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Financial Coach vs. Financial Advisor: Which Do You Need?


“Personal finance is personal” is a popular adage – and it’s true. We all have our unique set of knowledge, goals, and experience when it comes to our finances. When it comes to money, most of us need help in one form or another eventually. Still, we are all unique when it comes to the exact kind of help we need.

One personal choice is deciding which type of professional help to get. Two popular options are financial coaches and financial advisors. Each serves a unique role, and choosing which you go with is an important decision — so it is equally important to be educated on what each profession does.

For more help, consider using SmartAsset’s free financial advisor matching service.

Financial Coach Definition

Financial coaches help their clients understand the basics of personal finance. Hence, clients may need help with topics such as building a budget, saving money, or getting out of debt. This is often someone who is just getting started. That means they may have little to no assets but are interested in improving their finances.

However, financial coaches are the new kid on the block, and they aren’t currently required to hold any particular certification or license. They are also not allowed to sell financial products like stocks and bonds, nor can they give specific investment advice. Financial advisors often work independently or as part of a small practice.

Financial Advisor Definition

financial coach vs financial advisor

The more traditional advisor usually helps clients that already have some amount of savings or investments. However, they may want help managing their investments long-term. Financial advisors have more of a wealth-building focus and will sometimes require new clients have a certain net worth before the advisor will meet with them. They may help clients manage their investments and also with taxes, healthcare, and estate planning.

Financial Coach vs Financial Advisor: How They Compare

Financial coaches and financial advisors have some things in common, but they are more different than similar. Understanding how they compare will help you make the best decision.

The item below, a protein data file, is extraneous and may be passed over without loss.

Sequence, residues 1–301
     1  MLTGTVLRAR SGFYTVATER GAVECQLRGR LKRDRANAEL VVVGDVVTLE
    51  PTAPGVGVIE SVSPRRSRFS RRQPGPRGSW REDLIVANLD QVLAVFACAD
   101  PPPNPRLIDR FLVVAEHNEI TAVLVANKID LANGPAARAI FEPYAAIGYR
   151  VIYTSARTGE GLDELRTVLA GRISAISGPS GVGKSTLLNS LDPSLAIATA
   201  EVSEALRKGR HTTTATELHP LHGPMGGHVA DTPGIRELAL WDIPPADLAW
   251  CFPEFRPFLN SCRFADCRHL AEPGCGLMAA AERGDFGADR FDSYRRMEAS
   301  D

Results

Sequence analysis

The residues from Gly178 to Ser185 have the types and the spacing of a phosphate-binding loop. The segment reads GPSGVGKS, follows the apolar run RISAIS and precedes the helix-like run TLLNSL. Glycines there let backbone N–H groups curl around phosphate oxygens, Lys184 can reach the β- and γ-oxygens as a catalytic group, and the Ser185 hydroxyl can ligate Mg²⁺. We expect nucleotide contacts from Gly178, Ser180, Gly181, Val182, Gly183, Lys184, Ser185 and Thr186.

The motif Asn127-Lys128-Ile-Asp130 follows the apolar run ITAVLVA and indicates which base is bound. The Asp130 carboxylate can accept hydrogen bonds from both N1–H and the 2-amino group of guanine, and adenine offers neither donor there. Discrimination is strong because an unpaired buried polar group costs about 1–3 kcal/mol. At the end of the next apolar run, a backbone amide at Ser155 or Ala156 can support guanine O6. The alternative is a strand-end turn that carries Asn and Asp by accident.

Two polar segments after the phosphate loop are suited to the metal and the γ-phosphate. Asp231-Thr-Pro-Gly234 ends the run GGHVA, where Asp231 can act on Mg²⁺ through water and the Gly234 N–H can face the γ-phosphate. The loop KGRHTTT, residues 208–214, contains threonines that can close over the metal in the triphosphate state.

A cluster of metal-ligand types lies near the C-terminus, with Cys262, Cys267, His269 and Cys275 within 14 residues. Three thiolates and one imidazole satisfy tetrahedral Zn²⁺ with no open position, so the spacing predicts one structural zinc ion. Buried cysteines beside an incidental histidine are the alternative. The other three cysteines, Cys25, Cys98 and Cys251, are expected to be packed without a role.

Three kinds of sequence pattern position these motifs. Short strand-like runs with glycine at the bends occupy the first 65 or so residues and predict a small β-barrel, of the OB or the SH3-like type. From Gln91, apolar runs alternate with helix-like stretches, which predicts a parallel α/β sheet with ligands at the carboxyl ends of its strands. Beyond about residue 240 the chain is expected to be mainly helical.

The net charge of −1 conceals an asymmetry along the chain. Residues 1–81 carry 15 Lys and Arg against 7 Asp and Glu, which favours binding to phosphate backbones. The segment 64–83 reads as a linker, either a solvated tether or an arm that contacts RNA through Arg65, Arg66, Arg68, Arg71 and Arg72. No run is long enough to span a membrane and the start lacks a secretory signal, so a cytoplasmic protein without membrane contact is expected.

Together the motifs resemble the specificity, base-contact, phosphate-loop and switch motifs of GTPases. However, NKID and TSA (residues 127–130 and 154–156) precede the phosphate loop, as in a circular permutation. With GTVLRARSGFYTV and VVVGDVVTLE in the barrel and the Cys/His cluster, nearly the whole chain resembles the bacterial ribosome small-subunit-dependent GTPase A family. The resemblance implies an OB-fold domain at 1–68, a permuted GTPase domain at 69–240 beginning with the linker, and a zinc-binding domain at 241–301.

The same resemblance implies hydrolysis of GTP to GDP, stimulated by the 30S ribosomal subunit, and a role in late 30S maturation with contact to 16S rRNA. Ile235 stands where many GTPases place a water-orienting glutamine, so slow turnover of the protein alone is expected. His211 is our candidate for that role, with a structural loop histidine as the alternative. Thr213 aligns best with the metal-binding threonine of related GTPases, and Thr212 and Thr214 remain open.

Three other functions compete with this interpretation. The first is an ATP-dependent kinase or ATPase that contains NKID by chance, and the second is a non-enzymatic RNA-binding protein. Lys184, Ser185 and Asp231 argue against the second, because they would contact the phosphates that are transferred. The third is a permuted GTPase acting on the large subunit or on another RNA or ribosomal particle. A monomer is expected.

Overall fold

What They Do

You may see financial coaches compared to coaches in other capacities, such as in sports. This is because sports coaches not only help athletes get better at their respective games, but they may guide them in other ways, too.

In high school and college sports especially, coaches often take a holistic, hands-on approach. They may help their athletes think more positively about the game and even become better people, and they guide their team every step of the way.

Financial coaches have a similar, hands-on role, and often help their clients develop a more positive relationship with money. They communicate with clients regularly and work to break bad money habits. Then, they put you on the right track to start building wealth. They usually have a short-term relationship with clients and help get them to the next phase in their financial journey.

The ways in which financial advisors function is different. Since their clients usually understand the basics, they cut to the chase and start the wealth-building process right away. In their initial meeting, they may ask clients questions about their income and risk tolerance, then set up an investment plan that helps them meet their goals. That portfolio may include a number of assets such as stocks, bonds, and real estate.

Unlike with financial coaches, though, you likely won’t be in communication with a financial advisor every day or even every week. Since their role is usually focused on building wealth, they may only send you quarterly or annual updates on how your portfolio is doing. Their focus is typically a long-term strategy. Financial advisors can help you with other aspects of personal finance, but investments tend to be the common theme.